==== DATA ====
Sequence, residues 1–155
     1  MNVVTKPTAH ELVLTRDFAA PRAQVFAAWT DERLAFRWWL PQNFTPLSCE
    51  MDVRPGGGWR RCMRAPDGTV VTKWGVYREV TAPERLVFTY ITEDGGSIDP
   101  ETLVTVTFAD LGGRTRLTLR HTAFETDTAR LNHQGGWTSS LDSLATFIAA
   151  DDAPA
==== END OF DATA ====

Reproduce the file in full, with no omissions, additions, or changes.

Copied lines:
Sequence, residues 1–155
     1  MNVVTKPTAH ELVLTRDFAA PRAQVFAAWT DERLAFRWWL PQNFTPLSCE
    51  MDVRPGGGWR RCMRAPDGTV VTKWGVYREV TAPERLVFTY ITEDGGSIDP
   101  ETLVTVTFAD LGGRTRLTLR HTAFETDTAR LNHQGGWTSS LDSLATFIAA
   151  DDAPA